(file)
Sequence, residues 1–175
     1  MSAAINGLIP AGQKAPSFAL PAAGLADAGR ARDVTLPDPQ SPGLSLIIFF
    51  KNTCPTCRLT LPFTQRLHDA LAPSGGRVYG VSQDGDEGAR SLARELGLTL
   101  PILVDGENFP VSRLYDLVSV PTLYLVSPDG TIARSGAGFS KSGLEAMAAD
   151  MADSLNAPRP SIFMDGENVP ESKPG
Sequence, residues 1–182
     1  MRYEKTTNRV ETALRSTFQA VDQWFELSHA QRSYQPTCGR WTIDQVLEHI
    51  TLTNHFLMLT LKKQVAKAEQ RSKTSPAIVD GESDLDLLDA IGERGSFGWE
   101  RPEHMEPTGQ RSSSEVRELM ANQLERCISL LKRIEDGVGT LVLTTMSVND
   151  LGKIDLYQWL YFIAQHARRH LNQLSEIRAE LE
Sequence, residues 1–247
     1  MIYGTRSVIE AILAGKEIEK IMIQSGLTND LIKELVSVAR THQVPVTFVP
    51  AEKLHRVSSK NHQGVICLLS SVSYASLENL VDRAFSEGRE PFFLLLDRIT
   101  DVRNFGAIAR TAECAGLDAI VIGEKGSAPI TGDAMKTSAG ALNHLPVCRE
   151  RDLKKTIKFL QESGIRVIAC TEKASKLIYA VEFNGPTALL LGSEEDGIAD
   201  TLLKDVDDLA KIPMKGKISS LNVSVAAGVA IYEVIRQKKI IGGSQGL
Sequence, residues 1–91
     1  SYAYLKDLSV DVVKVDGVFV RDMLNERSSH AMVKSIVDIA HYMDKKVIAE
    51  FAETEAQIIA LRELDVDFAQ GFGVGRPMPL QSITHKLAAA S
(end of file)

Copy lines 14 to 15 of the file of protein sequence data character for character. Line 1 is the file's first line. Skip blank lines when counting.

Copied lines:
   101  DVRNFGAIAR TAECAGLDAI VIGEKGSAPI TGDAMKTSAG ALNHLPVCRE
   151  RDLKKTIKFL QESGIRVIAC TEKASKLIYA VEFNGPTALL LGSEEDGIAD